Friday, December 10, 2010

Curren$y - Pilot Talk II (Album Review)

While the roach was still burning from Pilot Talk, Curren$y dropped Pilot Talk II four short months later on November 22nd.  One of the most refreshing and creative emcees in hip hop, Curren$y has also proved to be one of the hardest working; churning out music at a sickening volume with 10 mixtapes and 4 albums released since 2008.

From a conventional perspective, Curren$y’s creativity is paradoxical.  Every song is essentially about the same thing; potent weed, cuckoldry, and his affinity for jets and muscle cars.  However, his smooth, stream of conscience flow is so crafty that the limited subject matter never loses its novelty.  Referring to cops as “Carl Winslows” and dope songs as “crack lacerations” is what makes Curren$y truly unique.

It takes a very astute ear to catch of all of Curren$y’s punchlines as they are not thrown in your face, but rather insinuated through his effortlessly calm southern drawl.  Rhymes like “scribblin’ fire on the street car named desire” pays homage to both the classic film A Street Car Named Desire starring Marlon Brando and New Orleans; the setting of the film as well as Curren$y’s hometown. 

And at the risk of condescension, I will say that only a true rap aficionado can fully appreciate Curren$y.  On one of my favorite tracks on the album, “Fashionably Late,” he starts his verse with “New Orleans, the narcotics draped in metal and fiber optics/ ‘cause dog bitches attracted to shiny objects/but I guess y’all can kick it/Phife Dog, Q-Tip it/we all Souls of Mischief.”    The first line being a sampled rhyme from the Black Star classic, “Respiration,” which is also the same song that's playing at the beginning of the “King Kong” music video ( the first single off Pilot Talk).  The second being a pun on Phife Dog and Q-Tip’s (collectively known as A Tribe Called Quest) song, “Can I Kick It?”  And finally a tribute to underground Oakland hip hop group, Souls of Mischief.  Consistent with his goal to deliver quality hip-hop, Curren$y is always honoring the legends of the genre.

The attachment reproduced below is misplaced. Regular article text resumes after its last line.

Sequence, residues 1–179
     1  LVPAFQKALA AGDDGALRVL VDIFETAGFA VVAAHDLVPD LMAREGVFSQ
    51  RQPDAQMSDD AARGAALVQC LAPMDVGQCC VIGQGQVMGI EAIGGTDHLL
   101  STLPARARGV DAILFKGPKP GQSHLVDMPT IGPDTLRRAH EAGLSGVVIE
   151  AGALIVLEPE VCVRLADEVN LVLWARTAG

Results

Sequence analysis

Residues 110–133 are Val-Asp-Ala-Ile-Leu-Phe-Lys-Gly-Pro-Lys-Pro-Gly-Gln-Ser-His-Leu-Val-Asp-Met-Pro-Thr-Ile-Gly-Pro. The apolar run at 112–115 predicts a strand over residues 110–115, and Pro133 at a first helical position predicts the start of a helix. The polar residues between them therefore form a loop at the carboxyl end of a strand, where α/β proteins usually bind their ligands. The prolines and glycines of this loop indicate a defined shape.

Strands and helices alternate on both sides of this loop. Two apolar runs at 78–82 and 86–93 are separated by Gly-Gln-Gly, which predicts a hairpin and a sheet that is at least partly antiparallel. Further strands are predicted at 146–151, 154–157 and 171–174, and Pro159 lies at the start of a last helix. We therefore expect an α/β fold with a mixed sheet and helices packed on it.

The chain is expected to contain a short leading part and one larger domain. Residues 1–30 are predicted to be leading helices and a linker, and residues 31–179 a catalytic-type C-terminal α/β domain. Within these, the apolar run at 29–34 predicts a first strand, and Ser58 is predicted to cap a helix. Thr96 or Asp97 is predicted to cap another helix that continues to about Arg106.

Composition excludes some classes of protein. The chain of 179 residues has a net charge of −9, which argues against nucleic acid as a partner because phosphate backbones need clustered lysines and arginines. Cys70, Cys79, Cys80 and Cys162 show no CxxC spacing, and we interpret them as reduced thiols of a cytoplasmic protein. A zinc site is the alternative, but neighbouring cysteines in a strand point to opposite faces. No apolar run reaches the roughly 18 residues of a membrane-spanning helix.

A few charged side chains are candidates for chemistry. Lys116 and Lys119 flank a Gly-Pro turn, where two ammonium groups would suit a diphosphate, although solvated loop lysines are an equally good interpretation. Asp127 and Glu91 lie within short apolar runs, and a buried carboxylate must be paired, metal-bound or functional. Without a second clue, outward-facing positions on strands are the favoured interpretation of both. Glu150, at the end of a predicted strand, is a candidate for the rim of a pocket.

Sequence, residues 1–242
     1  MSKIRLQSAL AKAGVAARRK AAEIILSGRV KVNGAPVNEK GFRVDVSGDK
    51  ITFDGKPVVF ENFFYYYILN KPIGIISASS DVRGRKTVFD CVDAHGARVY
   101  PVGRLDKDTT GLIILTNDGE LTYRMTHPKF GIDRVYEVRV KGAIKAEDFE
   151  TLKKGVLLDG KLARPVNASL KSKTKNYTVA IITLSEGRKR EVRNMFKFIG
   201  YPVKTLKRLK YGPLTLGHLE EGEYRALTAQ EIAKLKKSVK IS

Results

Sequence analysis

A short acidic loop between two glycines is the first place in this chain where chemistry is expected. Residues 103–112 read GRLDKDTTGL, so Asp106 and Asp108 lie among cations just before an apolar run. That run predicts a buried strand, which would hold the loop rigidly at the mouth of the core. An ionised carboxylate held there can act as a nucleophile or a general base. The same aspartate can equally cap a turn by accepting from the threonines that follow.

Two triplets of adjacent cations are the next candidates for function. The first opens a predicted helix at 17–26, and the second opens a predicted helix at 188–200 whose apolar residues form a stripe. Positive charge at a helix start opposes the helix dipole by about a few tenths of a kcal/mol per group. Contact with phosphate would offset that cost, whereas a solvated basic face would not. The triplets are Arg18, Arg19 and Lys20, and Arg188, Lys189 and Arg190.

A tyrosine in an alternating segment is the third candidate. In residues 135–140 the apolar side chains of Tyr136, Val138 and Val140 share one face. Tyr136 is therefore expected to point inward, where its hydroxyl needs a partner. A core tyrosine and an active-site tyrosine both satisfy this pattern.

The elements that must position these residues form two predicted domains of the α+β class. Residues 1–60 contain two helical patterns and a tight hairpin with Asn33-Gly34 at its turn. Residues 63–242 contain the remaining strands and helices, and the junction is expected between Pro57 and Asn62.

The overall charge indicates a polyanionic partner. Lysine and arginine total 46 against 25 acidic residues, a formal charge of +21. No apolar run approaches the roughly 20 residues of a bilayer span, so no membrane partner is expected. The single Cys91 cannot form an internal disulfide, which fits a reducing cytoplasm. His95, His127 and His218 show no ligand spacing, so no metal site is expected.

In the original Pilot Talk, Curren$y worked almost exclusively with New York veteran Ski Beatz behind the boards and this time is no different.  To avoid sample clearance issues, Ski employed his band, “The Senseis” to simply rework the samples and tailor it to his vision.  The end result is 12 tracks of beautifully rendered live instrumentation that leaves one with lingering daze of an easy afternoon.  Chill nirvana.  The sounds are more aqueous; smoother and funkier than PT1 which fits Curren$y perfectly.  

A few features were left out (most notably, Erykah Badu and Jay Electronica) in order for the album to meet its release date, but even still Pilot Talk II will be one of the best projects of this year.  Early on Curren$y vows to “kill these beats humane fashion, painless,” to which he gets a resounding round of applause.  Mission accomplished.

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